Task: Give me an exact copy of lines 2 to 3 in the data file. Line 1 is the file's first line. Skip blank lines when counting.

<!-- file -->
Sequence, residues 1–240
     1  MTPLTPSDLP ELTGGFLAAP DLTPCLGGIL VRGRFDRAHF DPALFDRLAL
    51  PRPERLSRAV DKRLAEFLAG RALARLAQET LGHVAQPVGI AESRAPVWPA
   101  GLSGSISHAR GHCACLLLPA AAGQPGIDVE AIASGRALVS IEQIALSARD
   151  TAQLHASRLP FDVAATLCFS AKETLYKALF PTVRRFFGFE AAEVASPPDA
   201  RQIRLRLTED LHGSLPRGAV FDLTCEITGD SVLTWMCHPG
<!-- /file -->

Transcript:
     1  MTPLTPSDLP ELTGGFLAAP DLTPCLGGIL VRGRFDRAHF DPALFDRLAL
    51  PRPERLSRAV DKRLAEFLAG RALARLAQET LGHVAQPVGI AESRAPVWPA